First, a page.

France, renowned among Americans as a bastion of Cartesian logic, is currently questioning itself over its curious, even paradoxical, posture regarding smoking. The United States has turned sharply against smoking, and readily accepts no-smoking zones in restaurants, offices, and public places. But in France things are different, because the French government owns the nation's cigarette-manufacturing monopoly. It reaps substantial tax revenues from cigarettes, and clings to its role as tobacco merchant. At the same time, the government pays the heavy health and social costs that derive from smoking. Each sale of a pack of Gauloises brings the state five francs in taxes and is estimated to cost the state around nine francs.
Flashbacks: "To Smoke or Not to Smoke"
Articles from the 1860s to the 1990s take up the contentious question.
The contradiction became subject to increasingly intent scrutiny after publication of a proposed law to limit tobacco use, presented by twenty-seven members of the National Assembly, which said, "The state is pursuing a shortsighted policy, and cannot reconcile the tax revenue from tobacco with the health and social cost."
France's cigarette manufacturer and distributor, called SEITA (for Societe d'Exploitation Industrielle des Tabacs et Allumettes), has the sole right to manufacture cigarettes within the country, and controls the distribution of almost all imported cigarettes. It belongs wholly to the government. SEITA generated 31 billion francs ($5.48 billion) in 1990 tax revenues--some 2.3 percent of the national budget--plus an operating profit of $66.7 million.
The annual cost to the country for health care related to smoking is estimated at $8.8 billion, plus some $2.6 billion in lost production, for a total social cost per year of $11.4 billion.
Each year some 61,000 French men and women--almost the equivalent of the entire population of Cannes--die of ailments related to smoking. An authority on smoking in France, Professor Jean Marsac, the head of the pneumology department at Paris's Cochin Hospital, calls cigarettes "the most deadly addiction epidemic of the twentieth century." Cigarette consumption doubled in France in the thirty-five years from 1950 to 1985, and although it has stopped increasing and has even declined slightly in recent years, heavy smokers are much more numerous today than they have been in the past: 23.5 percent of male smokers consumed more than a pack a day last year, as compared with 16 percent in 1977. Overall, 38 percent of people in France smoke, as compared with 29 percent in the United States, and smoke lies heavy almost everywhere in the land.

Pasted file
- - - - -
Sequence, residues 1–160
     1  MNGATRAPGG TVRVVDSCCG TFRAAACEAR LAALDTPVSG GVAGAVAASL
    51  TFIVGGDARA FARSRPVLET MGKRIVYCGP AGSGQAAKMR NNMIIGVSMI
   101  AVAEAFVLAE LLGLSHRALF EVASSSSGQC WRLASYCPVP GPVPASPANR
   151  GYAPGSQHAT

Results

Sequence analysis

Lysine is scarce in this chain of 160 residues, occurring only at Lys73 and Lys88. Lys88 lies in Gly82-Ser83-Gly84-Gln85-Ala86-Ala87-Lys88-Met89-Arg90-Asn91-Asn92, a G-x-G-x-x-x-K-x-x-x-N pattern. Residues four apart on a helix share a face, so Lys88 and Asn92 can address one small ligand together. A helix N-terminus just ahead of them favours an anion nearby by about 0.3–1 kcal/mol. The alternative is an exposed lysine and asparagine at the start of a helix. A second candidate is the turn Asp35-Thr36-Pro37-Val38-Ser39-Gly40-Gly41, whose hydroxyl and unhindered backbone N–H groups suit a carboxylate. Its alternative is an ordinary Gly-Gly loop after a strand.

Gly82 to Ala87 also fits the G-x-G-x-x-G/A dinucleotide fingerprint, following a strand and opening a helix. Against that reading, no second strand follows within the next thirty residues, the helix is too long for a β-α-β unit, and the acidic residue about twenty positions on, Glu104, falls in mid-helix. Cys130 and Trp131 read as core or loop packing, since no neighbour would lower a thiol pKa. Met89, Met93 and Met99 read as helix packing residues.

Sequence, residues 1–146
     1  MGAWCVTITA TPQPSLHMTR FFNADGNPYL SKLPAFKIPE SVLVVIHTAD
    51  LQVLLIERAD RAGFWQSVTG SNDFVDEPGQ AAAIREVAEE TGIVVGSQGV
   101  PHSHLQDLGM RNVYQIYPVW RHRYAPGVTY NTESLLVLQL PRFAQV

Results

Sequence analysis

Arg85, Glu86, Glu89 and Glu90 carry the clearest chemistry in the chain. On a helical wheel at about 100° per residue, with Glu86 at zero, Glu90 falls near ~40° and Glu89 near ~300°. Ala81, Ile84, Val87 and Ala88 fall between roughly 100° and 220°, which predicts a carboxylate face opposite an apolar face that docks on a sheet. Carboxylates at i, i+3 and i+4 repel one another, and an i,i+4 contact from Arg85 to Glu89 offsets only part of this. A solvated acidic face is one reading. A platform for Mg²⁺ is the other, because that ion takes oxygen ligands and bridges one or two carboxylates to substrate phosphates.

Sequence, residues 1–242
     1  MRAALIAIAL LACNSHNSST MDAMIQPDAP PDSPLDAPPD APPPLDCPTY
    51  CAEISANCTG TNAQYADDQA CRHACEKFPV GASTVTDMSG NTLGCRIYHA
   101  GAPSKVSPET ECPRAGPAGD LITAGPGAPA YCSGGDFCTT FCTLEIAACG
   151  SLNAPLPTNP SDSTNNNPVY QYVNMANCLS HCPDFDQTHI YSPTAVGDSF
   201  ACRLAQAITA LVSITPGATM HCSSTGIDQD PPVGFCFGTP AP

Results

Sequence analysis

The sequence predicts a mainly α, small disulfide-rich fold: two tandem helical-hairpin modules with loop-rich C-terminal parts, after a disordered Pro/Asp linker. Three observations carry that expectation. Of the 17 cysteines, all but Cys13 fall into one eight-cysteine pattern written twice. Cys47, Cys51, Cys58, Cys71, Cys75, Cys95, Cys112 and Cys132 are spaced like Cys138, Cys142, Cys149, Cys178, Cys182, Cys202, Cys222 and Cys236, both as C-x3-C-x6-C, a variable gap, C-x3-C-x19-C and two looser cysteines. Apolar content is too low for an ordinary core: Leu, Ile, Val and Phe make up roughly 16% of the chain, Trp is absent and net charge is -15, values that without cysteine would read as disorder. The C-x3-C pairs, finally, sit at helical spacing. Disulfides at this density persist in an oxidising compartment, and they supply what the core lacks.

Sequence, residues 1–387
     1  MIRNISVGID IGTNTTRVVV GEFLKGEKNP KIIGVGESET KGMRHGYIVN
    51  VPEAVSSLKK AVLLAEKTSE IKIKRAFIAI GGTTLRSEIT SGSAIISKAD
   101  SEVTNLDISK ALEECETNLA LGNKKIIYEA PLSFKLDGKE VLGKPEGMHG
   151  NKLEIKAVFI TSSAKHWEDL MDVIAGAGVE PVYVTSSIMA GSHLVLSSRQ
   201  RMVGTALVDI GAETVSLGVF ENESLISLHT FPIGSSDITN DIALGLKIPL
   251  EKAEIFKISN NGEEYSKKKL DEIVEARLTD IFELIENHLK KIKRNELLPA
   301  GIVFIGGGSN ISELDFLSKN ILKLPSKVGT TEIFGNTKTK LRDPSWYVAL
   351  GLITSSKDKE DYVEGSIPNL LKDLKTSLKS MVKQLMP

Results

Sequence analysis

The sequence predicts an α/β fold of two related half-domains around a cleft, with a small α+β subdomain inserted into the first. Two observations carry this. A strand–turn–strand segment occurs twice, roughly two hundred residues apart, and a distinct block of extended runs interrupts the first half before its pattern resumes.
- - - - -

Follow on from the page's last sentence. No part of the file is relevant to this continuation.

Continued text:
The nation's young people are hardest hit by the effects of smoking. They are the most suggestible, the most vulnerable to the seeming glamour of a once-forbidden adult habit. The earlier a person starts smoking, some specialists say, the more damaging the habit will be--and 10 percent of the smokers in France are under twelve. Sixty percent of all eighteen-year-olds are smokers.
Those French who smoke do so with avidity, and even light up between courses at meals, a practice once universally condemned. Watching students outside lycees or universities in France as they try to master the rituals of veteran smokers is amusing, although also depressing. Here one sees a latter-day Humphrey Bogart taking a deep pull on a Camel and throwing his head back dramatically to blow out the smoke; there a would-be John Wayne takes a hard-bitten draw on his Lucky Strike, eyes half-closed with menace. The moment they emerge from class, students light up their Gitanes, Philip Morrises, and Gauloises, and they carry their cigarettes before them woodenly as though they were fetishes.